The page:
The Golden Toad – Lost But Not Forgotten

All amphibian biologists and frog-lovers alike remember and appreciate the beautiful golden toad of Costa Rica. It is important to take a moment to celebrate this amazing amphibian and reflect on the many other amphibian species that have gone extinct in recent decades. Their loss reminds us to keep working harder and smarter in order to stop the amphibian extinction crisis. Although the golden toad is gone forever, we can work together to save other endangered amphibians.

Please spread the word about the amphibian extinction crisis, donate today to contribute to our conservation efforts and join a future SAVE THE FROGS! Costa Rica Ecotour to visit the majestic forest where the golden toad once thrived. Thank you for your support!

golden toad shirt
Golden Toad art, created by FLOAT.

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An Amphibious Omen My First Night In Brazil

Ola from Belo Horizonte, Brazil!

I arrived last night in Brazil and I met such an amazing toad that I decided to send you photos right away and tell you why I am in Brazil.

Brazil is home to 1,036 known amphibian species — 14% of the world’s amphibian biodiversity! That’s more than any other country on the planet. Brazil is also home to the Atlantic Rainforest and the majority of the Amazon Basin — both threatened by rampant environmental destruction. And Brazil has many amphibian biologists interested in SAVE THE FROGS! and our methods of translating science into concrete actions for the betterment of amphibians and humans. So Brazil is an extremely important place for amphibian conservation and for launching SAVE THE FROGS! activities.

rhinella icterica
I found my first amphibian within one minute of stepping outside my very first night in the country! Could it be an omen that I will find and save many frogs while here in Brazil? I hope so! This beautiful toad is Rhinella icterica, whose indigenous name is Cururu, which refers to its melodious call.

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Frog Research In The Remote Himalayas Of Nepal

Protecting the beautiful stream frogs of Manaslu in Nepal’s remote Himalayas

SAVE THE FROGS! thanks our generous donors who helped us raise $1,700 to fund a frog conservation initiative in the remote Himalayas of Nepal. SAVE THE FROGS! Task Force Member Biraj Shrestha returned to the Manaslu Conservation Area in March 2017 for a three week research expedition into some of the world’s most dangerous montane amphibian habitats. The “SAVE MANASLU’S FROGS! Research Expedition” was the first expedition of its kind. Further down this page, you can read about the specifics of the expedition, learn about Manaslu’s frog species and meet the expedition team members.

biraj shrestha nepal

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SAVE THE FROGS! Hang Out Reaches Sixteen Countries

On Saturday, December 10th, SAVE THE FROGS! held an online six-hour frog saving experience called the SAVE THE FROGS! Hang Out. We invited our supporters, members and the general public to an online webinar where our team of amphibian biologists answered questions about amphibian ecology, conservation and about our global frog saving programs. We also … Continue reading SAVE THE FROGS! Hang Out Reaches Sixteen Countries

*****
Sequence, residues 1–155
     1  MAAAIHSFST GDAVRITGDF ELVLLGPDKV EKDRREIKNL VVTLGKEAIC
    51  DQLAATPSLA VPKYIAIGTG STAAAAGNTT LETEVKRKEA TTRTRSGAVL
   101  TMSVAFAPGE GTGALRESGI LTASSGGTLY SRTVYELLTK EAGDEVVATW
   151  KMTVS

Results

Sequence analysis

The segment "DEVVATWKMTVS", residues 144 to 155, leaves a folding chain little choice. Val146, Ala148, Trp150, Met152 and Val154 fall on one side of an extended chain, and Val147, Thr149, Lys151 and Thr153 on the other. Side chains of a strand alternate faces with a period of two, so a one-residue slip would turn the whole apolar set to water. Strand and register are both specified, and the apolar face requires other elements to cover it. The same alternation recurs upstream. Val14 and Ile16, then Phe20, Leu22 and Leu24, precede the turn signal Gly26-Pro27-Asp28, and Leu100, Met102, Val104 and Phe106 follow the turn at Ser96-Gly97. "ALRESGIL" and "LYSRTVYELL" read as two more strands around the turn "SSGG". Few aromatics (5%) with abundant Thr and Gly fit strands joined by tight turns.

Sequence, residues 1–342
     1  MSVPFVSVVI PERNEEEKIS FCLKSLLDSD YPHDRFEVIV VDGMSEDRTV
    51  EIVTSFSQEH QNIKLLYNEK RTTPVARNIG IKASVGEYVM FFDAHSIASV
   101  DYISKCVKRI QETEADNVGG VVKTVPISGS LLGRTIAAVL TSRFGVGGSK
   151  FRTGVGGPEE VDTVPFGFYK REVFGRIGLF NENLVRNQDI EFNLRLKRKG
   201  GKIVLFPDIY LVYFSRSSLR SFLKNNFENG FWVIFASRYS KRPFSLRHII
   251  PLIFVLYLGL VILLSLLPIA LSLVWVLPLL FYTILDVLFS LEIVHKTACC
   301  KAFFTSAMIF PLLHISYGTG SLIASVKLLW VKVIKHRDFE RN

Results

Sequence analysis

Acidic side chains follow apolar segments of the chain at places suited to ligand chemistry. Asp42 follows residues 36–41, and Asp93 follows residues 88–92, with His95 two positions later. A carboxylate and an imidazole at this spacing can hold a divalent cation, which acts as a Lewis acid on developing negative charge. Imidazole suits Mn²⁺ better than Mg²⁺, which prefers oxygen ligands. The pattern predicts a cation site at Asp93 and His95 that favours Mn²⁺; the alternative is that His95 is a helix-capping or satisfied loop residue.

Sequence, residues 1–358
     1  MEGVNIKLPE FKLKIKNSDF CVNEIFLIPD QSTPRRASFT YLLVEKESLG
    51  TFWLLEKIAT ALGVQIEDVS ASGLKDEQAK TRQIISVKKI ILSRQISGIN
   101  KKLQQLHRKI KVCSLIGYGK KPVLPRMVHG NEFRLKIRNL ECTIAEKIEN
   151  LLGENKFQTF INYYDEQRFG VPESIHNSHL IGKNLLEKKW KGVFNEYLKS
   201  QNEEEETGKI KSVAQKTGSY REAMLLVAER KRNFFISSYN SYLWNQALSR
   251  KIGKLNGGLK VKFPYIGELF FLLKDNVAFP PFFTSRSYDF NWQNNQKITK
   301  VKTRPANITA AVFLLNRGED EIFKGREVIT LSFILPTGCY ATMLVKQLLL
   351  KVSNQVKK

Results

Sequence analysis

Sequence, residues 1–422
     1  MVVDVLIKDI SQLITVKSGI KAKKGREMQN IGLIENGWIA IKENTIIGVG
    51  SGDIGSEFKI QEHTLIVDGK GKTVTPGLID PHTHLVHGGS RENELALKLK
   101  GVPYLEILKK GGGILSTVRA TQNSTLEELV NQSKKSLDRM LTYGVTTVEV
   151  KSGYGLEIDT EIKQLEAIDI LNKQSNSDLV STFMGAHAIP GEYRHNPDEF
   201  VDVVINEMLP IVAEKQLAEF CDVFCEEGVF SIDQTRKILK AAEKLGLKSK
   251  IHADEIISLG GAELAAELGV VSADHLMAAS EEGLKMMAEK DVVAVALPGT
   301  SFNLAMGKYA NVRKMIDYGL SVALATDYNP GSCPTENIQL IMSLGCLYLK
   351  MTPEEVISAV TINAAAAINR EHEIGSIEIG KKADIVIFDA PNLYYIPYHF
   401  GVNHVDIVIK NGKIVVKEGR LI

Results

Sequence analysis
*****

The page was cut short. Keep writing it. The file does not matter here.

Why The Giant Squeaker Frog Is “Giant”

Frogs in the genus Arthroleptis are often referred to as “squeakers.” This is because of the distinctive high pitched call they make. They are usually small — about the size of a baby’s thumb — with the smallest squeaker measuring merely 15mm in length. The Giant Squeaker Frog (Arthroleptis krokosua) measures up to 50mm, making it the largest squeaker in all of West Africa. As it is about three times the size of the smallest squeaker it must be nothing less than a GIANT!

ghana-goal-squeaker

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Introducing the Strawberry Poison Dart Frog

The strawberry poison dart frog, Oophaga pumilio, has an extraordinary reproductive strategy. Females lay their eggs in leaf-litter or on plants on the rainforest floor. When the tadpoles hatch, one of the parents will coax them to climb onto their back. Then the parent frog transports the tadpoles to small pockets of water in bromeliads or other vegetation, often high in the trees. That is like if you carried a human baby to the top of the Empire State Building!

costa rica oophaga 2

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Fire Threatens the Survival of the Critically Endangered Giant Squeaker Frog

Arthroleptis-krokosua-Gilbert-Adum-550

With less than a week before the SAVE THE FROGS! Ghana Expedition, our team around the world has been busy preparing for our rigorous frog-saving campaigns in West Africa. To our dismay, we received terrible news last night from our friends in Ghana.

While suffering from malaria, SAVE THE FROGS! Ghana Executive Director Gilbert Adum reported to us that a fire has devastated much of the Sui forest, which is the last known location of the critically endangered Giant Squeaker Frog, Arthroleptis krokosua.

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